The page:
I worked in an independent birthing center, and part of the appeal (for both the clients and the staff) is that there is none of the "it is unprofessional to become involved with your patients" kind of thing. Many of my closest friends are people whose birth I attended, or whose childbirth classes I taught. Of course, I didn't become best friends with everyone. And we all remained professional in terms of our roles while in the clinical setting. There are still professional boundaries, and for example, I do not give my phone number out to my clients--I do give my email, though, so that they can ask questions about classes. At the hosptial I do not develop these relationships with my patients. The setting is just so different, not conducive to developing personal relationships for many different reasons.
I think it is nice to have my practitioners, especially the ones I see over and over, and with whom I have experienced a very intense experience, to become more than just my "nurse" or my "doctor." I trust them more. Our pts at the birth center always comment on how much more respected they feel, how much they trust us, and how they feel that we are honestly concerned with their wellbeing. We get comments all the time to the effect of "the hospital nurses are so cold," or "it seems like it's just a job for the hospital docs." The hospital setting is just different, designed to serve large numbers of people in an efficient (well, relatively) manner. It's not designed for close, personal care. Birth centers, LTC, and hospice are some settings that I can think of where the rules or definitions of "professional boundaries" are different than the acute care setting at the hospital.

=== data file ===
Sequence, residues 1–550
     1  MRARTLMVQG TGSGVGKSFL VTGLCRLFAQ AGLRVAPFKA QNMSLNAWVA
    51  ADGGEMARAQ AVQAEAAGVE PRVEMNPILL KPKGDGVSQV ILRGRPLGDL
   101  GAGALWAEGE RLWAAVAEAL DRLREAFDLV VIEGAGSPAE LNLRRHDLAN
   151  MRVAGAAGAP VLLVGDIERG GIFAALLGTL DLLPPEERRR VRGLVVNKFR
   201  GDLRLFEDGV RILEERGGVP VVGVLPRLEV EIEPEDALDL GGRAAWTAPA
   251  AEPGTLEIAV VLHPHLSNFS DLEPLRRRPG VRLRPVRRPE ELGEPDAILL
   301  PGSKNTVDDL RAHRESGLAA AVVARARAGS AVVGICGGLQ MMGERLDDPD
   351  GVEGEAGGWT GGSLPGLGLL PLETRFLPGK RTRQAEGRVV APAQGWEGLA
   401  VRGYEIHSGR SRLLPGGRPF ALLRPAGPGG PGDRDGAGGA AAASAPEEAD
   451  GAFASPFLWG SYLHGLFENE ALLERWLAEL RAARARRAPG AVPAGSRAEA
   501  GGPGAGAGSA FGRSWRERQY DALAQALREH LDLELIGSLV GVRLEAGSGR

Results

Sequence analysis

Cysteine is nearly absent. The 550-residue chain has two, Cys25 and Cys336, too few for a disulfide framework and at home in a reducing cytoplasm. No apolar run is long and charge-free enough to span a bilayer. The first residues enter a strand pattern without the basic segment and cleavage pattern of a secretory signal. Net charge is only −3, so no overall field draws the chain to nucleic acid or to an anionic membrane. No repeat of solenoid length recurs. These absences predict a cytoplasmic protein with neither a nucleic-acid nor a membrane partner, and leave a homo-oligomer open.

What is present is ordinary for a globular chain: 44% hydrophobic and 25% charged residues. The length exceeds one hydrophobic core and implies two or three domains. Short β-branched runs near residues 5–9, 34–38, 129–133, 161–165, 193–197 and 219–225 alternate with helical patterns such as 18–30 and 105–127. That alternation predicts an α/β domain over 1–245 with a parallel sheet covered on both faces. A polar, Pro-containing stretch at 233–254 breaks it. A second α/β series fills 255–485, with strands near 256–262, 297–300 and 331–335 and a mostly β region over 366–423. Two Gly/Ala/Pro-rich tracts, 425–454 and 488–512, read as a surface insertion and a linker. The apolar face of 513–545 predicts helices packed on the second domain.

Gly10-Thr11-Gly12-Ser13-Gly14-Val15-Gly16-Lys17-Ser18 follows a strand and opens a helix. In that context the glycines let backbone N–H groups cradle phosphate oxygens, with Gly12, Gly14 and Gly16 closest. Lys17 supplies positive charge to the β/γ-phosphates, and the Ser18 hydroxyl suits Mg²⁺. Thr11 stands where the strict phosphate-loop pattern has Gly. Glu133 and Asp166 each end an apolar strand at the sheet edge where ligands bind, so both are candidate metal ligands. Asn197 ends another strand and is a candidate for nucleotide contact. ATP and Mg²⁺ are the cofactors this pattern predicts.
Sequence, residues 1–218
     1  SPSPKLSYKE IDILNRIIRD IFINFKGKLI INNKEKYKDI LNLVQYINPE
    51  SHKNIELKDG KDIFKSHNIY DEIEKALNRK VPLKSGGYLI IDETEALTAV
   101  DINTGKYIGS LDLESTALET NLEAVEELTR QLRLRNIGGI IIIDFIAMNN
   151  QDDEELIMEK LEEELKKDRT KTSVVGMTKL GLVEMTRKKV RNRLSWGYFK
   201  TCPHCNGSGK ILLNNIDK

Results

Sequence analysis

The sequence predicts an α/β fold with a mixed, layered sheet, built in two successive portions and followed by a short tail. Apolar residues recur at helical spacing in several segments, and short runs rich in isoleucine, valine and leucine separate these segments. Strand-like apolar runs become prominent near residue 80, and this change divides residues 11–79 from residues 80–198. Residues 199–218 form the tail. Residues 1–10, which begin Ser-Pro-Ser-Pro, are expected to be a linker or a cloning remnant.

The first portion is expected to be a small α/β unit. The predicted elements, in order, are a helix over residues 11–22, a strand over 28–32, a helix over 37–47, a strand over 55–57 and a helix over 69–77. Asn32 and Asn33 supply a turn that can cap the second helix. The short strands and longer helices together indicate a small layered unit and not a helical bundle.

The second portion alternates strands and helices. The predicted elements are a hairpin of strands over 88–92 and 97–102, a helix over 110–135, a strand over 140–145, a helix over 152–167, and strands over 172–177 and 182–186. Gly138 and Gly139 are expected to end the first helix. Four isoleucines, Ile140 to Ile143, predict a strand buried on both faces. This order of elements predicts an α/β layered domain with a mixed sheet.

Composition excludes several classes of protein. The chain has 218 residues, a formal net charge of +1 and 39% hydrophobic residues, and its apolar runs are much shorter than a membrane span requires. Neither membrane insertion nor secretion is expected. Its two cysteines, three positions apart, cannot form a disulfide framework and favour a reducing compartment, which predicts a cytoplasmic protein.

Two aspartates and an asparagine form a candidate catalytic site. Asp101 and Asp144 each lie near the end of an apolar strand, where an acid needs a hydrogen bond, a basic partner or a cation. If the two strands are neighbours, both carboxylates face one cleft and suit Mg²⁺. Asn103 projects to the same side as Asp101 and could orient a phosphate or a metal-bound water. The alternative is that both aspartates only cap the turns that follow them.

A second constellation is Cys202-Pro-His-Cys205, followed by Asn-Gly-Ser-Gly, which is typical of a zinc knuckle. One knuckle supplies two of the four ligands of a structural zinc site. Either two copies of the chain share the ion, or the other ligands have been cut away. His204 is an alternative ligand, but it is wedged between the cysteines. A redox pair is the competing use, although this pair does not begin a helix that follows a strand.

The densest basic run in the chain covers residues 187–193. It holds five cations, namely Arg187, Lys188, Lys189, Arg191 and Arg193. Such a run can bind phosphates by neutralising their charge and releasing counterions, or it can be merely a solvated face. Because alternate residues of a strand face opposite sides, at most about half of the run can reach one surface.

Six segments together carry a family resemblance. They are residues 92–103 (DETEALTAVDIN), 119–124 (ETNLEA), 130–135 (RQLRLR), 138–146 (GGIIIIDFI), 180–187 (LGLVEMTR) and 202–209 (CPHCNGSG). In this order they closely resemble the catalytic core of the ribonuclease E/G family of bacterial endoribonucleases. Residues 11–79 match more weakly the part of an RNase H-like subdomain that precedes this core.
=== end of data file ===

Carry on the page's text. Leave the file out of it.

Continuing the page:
It's a gray line. I think if it is a power thing, or feels wrong to anyone involved, then it probably is over the line. But different strokes for different folks, you know?